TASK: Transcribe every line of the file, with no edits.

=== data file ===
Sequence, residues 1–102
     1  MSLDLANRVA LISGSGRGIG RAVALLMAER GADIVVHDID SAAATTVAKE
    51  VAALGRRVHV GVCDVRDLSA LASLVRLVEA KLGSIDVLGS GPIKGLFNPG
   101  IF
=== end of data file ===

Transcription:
Sequence, residues 1–102
     1  MSLDLANRVA LISGSGRGIG RAVALLMAER GADIVVHDID SAAATTVAKE
    51  VAALGRRVHV GVCDVRDLSA LASLVRLVEA KLGSIDVLGS GPIKGLFNPG
   101  IF